This is one of my favorite spaces in the IDEO office: our roofdeck! It's a great sanity check to have some outdoor space in the middle of a busy work week. Bonus: during the summer we hold outdoor movie nights out there. Photo by Steve Hall (C) 2010 Hedrich Blessing Photography

This is one of my favorite spaces in the IDEO office: our roofdeck! It's a great sanity check to have some outdoor space in the middle of a busy work week. Bonus: during the summer we hold outdoor movie nights out there. Photo by Steve Hall (C) 2010 Hedrich Blessing Photography

Define your career... Then tell us how it's different then you thought it would be.
I knew from a very young age that I wanted to do something creative, whether that was writing or acting or making art, it didn't matter. I just wanted to be surrounded by other creative people and do weird, wonderful stuff. My "career," as it were, has taken a number of twists and turns. I went to grad school to be an art historian, worked in museums and galleries, founded an art magazine, was a catalog copywriter for Crate & Barrel, started Mortified Chicago, and ended up at a design firm called IDEO where I'm now leading marketing for our Chicago studio. These things might seem unrelated, but I think the thread through them is that same desire I had as a child to pursue creativity in whatever form it happened to take at the time.
 
Do you feel like you've made it yet? Have things clicked? Explain.
I'm an only child who was raised by a single mother in a working-class family in a small town in Pennsylvania. I was the first woman in my family to go to college and move to a big city. All this is to say that the life I've made for myself is the result of hard work, stubbornness, optimism, and a big dose of luck and good timing. I feel very fortunate to have a wonderful husband who both challenges and supports me, work for one of the world's most creative design firms, have friends who continually inspire me, and come home to the sweetest dogs on the planet. I don't know if these things mean I've made it, but do feel like things have clicked.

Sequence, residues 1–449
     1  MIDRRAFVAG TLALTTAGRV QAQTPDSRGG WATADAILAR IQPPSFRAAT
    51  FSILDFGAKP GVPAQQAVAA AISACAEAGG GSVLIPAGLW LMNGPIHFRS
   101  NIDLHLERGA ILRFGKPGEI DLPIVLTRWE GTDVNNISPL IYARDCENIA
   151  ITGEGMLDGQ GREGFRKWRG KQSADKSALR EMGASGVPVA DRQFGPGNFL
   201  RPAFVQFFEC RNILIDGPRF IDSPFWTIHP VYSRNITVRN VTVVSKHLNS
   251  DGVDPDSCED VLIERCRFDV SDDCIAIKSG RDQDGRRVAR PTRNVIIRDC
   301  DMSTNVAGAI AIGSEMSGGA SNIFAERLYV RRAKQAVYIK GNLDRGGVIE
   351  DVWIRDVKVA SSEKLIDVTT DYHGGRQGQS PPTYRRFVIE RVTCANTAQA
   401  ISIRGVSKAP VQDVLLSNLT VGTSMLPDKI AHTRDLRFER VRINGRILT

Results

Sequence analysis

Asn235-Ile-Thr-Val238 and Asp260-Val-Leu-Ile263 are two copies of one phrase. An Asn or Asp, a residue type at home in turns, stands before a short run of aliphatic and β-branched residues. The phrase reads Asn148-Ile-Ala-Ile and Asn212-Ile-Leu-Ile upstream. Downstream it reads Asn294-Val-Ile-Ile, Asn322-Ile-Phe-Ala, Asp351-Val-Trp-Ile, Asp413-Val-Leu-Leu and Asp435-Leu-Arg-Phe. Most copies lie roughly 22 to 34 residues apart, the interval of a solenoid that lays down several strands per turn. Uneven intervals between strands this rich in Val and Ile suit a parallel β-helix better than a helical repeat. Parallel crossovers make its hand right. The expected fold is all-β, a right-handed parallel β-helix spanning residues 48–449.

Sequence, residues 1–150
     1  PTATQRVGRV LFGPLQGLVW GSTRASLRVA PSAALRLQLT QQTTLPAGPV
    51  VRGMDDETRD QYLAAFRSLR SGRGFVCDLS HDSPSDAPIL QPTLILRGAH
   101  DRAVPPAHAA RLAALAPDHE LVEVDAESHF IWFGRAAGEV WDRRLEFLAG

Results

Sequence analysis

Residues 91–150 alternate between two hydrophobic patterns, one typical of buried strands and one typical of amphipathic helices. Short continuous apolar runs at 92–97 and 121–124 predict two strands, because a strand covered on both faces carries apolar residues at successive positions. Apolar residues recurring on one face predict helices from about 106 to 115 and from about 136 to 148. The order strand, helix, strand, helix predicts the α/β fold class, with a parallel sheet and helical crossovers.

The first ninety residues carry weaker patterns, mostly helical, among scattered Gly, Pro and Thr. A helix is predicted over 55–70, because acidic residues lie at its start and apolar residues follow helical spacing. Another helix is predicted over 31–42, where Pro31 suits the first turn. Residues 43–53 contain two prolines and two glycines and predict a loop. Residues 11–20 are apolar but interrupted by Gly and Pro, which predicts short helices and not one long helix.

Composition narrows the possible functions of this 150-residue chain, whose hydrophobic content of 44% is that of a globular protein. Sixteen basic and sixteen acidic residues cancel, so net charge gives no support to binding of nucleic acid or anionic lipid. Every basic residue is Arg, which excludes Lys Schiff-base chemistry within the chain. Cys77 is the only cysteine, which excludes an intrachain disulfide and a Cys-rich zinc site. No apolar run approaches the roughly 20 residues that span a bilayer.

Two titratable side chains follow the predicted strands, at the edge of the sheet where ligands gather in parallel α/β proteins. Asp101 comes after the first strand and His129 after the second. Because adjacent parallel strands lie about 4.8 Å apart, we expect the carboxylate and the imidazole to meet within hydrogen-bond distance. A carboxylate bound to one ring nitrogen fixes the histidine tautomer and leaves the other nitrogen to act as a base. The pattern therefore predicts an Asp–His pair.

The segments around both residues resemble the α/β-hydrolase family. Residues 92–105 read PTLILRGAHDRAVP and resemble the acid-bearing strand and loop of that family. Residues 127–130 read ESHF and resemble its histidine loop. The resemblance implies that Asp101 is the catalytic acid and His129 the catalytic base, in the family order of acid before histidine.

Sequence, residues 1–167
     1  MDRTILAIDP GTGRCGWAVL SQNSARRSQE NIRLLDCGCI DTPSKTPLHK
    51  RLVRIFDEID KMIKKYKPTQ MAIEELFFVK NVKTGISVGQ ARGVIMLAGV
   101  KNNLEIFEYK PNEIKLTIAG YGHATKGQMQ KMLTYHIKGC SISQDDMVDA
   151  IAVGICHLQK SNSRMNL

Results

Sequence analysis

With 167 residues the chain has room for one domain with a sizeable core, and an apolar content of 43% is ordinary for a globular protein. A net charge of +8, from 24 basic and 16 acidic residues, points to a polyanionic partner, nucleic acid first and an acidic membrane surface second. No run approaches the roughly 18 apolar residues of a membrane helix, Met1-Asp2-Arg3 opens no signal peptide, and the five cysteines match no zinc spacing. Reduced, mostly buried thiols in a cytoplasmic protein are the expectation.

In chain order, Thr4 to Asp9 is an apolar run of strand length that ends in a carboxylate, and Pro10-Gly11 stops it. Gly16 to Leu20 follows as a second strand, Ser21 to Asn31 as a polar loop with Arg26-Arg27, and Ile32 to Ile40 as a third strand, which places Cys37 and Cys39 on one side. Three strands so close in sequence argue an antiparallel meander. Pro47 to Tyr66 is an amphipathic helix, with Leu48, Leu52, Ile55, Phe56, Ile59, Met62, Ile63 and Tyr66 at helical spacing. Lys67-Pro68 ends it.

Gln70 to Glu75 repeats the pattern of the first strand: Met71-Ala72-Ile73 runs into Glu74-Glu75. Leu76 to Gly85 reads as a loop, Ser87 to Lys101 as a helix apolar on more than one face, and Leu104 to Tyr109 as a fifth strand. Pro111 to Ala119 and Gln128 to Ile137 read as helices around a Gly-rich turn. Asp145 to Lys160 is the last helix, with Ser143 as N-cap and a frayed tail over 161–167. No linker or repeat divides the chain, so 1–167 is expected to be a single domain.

How do you think others perceive your life path? Do you care?
I used to think my mother thought I was crazy for moving away and pursuing a life in the arts. It turns out--she did! But she's also told me how she loved how brave I was for striking out on my own. As I get older, I find I care less and less about what others think about my life choices and listen much more closely to my own intuition. As long as I'm not intentionally harming anyone by my actions, I feel like I'm all good.
 
Speaking of others, how have your relationships shaped you?
Like most teenagers, I used to complain about how lame I thought my family was. Why couldn't they be cooler? Less religious? More cutting-edge? More adventurous? As an adult, however, I've come to appreciate how genuinely good and steady my family is. They're supportive and helpful and loving at every turn. I credit this early stability and their unbelievable faith and support in my being able to have long, solid relationships and to automatically assume good from others.
 
What's your perspective on life like now as opposed to 5 years ago? 10 years ago?
I appreciate small things more and don't sweat things I can't change. I'm easier on myself. That doesn't mean I don't continue to challenge myself and learn new things, but I recognize that trying something and failing isn't a bad thing in and of itself. It doesn't mean I'm a failure. Failure is just a part of any creative process. It's necessary for change.

What are you most looking forward to?
It's both a challenge and aspiration, but I hope I age gracefully and am as inspiring as my style heroes, Diana Vreeland and Iris Apfel.
 
In your daily life, when are you happiest?
Rolling around on the floor, playing with my dogs. Busting out into a spontaneous dance party with my husband. Riffing on jokes with my friends. Taking that first sip of coffee in the morning.
 
On the other hand, how do you pull yourself out of a funk when you're in one? And how did you most likely wind up in said hypothetical funk in the first place?
See previous answer. If I'm in a funk, it's usually because I feel overwhelmed or over-committed in some aspect of my life. Something is out of balance.

Annette on Twitter

More on Ideo

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And for good measure, rescue a Frenchie today!